Weekend Warm-Up: Revisit ’70s Luxury With Winnebago’s Flying Camper Van

While American culture has a historic love affair with both vehicles and excess, few examples match the absurdity of the Winnebago Heli-home.

Debuting in the late 1970s, this helicopter-turned-camper-van represented a short-lived publicity stunt for Winnebago. However, as YouTube historian Calum makes clear with an abundance of research, these impractical machines actually existed.

Unlike many other “technological marvels” that never came to fruition, Winnebago sold eight or nine of these flying camper vans and featured them extensively in its publicity. So put on your bell bottoms and cue the tape deck: YouTube’s latest history lesson will transport you back in time.

Sikorsky s-58

The S-58, which served as an important transport vehicle during the Vietnam War, continues to be used today. Photo: Creative Commons

 

War machine or family cruiser?

As with so many stories of American innovation, this one starts with a war.

In the late 1970s, the U.S. military was selling off a surplus of its S-58 Choctaw helicopters, designed by the famous innovator Igor Sikorsky. Though the Vietnam War saw many kinds of helicopters, the S-58s had proven themselves as valuable medical transports, thanks to their spacious interior.

As Calum explains in his video, the choppers’ simple design and reliability made them quite popular at the time. Some even became war machines, with add-on machine guns or rocket pods. Even today, many people will recognize the S-58’s unique shape as the helicopter chosen to transport U.S. presidents in Marine One.

Calum’s sleuthing even led him to discover that Winnebago’s brochure model of the Heli-home had actually received several bullet holes during combat.

YouTuber tracks down flying camper inventor

But making a Vietnam-era helicopter into a luxurious airborne camper van still wouldn’t be easy. In his video, Calum managed to track down the Heli-home’s original inventor: Fred Clark.

Winnebago essentially bought its first models of the Heli-home from Clark, a former U.S. Navy pilot who refurbished surplus helicopters through his company, Orlando Helicopter Airways.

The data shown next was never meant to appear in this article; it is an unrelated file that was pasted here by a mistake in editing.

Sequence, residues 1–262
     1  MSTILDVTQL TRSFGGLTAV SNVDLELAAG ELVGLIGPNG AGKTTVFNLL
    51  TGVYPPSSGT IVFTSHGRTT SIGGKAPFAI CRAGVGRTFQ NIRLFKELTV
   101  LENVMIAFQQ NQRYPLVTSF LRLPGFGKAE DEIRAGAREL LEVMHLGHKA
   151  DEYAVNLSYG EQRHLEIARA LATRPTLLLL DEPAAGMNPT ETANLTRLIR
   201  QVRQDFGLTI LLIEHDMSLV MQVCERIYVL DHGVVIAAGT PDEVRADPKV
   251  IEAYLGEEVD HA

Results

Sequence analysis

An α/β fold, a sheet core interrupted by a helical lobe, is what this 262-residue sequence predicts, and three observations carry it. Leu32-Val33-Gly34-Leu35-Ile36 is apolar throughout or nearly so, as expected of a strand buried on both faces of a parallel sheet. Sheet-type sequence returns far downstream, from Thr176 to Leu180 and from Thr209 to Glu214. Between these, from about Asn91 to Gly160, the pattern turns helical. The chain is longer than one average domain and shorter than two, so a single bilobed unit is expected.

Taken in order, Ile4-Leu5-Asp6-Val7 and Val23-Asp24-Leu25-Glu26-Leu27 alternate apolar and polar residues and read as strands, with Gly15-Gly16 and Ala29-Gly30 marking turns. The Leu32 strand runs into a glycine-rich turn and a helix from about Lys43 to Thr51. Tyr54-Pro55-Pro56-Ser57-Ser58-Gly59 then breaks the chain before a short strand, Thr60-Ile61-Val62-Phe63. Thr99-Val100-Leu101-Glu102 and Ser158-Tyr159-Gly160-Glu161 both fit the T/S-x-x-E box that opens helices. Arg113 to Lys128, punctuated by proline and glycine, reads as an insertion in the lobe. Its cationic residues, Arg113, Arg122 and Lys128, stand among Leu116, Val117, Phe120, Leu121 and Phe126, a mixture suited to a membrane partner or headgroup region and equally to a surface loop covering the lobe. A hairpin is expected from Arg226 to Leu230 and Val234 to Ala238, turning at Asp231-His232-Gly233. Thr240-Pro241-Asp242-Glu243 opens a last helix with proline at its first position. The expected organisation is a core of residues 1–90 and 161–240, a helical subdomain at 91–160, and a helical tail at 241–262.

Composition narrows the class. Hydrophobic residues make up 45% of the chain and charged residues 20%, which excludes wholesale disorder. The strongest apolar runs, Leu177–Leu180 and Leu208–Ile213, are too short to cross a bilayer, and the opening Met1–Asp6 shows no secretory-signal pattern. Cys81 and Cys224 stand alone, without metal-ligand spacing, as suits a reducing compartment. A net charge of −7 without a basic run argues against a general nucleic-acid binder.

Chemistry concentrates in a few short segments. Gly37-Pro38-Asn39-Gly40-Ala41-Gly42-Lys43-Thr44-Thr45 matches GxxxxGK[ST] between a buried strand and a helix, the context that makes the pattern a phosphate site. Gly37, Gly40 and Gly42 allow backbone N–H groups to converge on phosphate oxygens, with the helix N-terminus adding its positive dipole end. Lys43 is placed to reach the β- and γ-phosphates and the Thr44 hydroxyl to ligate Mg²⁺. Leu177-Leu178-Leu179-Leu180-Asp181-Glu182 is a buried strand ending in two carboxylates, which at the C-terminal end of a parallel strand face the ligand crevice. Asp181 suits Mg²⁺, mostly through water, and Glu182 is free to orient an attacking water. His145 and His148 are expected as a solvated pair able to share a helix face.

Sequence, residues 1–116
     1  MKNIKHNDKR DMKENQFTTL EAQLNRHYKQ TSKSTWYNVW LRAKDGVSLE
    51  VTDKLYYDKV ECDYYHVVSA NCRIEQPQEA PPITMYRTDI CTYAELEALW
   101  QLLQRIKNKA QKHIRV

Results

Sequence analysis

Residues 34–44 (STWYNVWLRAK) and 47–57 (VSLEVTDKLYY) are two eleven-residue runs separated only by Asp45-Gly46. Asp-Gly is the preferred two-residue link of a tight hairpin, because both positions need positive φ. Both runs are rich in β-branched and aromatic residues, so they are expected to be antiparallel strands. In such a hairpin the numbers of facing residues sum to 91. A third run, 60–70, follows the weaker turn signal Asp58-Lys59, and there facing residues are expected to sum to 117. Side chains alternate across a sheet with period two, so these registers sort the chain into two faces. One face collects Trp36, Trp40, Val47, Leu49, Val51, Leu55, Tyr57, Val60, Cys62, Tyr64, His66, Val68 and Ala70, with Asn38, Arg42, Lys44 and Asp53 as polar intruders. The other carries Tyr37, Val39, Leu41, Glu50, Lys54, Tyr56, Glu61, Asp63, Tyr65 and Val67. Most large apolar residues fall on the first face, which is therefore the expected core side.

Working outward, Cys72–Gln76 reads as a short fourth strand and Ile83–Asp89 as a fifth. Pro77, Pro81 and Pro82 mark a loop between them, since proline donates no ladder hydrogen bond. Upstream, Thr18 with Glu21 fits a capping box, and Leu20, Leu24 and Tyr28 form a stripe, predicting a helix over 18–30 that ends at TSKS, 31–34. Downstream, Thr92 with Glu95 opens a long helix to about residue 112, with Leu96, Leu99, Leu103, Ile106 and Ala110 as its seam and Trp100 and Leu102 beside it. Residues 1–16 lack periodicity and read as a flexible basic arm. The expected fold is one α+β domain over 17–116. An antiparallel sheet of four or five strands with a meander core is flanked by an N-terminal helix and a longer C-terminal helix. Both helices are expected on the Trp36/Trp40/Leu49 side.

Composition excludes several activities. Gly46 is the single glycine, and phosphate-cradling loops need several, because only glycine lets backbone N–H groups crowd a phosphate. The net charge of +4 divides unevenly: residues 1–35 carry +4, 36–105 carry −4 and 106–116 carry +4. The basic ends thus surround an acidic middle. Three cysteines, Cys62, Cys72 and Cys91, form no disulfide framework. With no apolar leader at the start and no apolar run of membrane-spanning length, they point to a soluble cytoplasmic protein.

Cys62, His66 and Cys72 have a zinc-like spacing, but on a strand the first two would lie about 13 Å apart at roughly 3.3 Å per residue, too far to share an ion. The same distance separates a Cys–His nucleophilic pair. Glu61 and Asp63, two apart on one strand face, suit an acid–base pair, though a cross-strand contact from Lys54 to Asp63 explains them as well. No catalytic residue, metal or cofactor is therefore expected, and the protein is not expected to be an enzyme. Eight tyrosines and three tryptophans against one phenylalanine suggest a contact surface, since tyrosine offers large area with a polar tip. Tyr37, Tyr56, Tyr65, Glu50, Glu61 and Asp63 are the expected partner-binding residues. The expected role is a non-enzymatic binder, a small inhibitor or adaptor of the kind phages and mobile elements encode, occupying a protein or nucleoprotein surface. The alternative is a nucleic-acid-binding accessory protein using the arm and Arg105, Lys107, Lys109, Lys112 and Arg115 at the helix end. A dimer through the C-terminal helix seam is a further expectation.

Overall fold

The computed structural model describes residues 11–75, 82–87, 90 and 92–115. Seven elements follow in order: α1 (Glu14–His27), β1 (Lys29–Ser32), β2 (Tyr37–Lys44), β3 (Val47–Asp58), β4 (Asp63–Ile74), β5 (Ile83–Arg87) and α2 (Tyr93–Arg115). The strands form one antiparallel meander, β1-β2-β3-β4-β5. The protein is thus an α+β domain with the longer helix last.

When Clark decided to design and build a camper van from a helicopter, the S-58 was the obvious choice, Clark said in the interview.

“The Sikorsky was about the only thing I could think of that would ever work,” he said. “You could have a kitchen and a bathroom inside like a regular camper. It takes a pretty good-sized helicopter to be able to get all that inside.”

heli-home interior

The interior of the Heli-home from a Winnebago brochure. Photo: Winnebago

 

The Winnebago Heli-home

When Winnebago finally unveiled its version of Clark’s original design, the finished product managed to live up to much of the seemingly over-the-top publicity, Calum said.

In fact, its features will be familiar to anyone who’s dreamed of buying a modern camper van.

The interior included lots of shag carpeting (of course), but also a galley that converted into a two-burner stove, and a seating area that transformed into small bunks. The Heli-home came with air conditioning and a furnace, plus a water heater for the bathroom, which contained a chemical toilet and shower.

While the interior included soundproofing (for obvious reasons), the Heli-home also had a sound system with AM/FM radio and cassette deck.

igor sikorsky

Igor Sikorsky was an important innovator in helicopter design. Photo: Creative Commons

 

A lasting legacy

Calum isn’t the only person to remain fascinated with the unlikely history of the Heli-home. The bizarre vehicle is frequently referenced in online forums and websites, although Calum’s video only includes one anecdote of someone actually using it for camping trips.

It was also out of reach for most. At the time, Winnebago’s Heli-home cost $300,000, or about $1.5 million today, adjusted for inflation.

Calum ends his video by quoting a 1942 New Yorker article from Igor Sikorsky, who imagined a day when Americans would fly helicopters as easily as they drive cars.

Who knew we’d watch free, documentary-quality videos on our phones even easier than doing either one.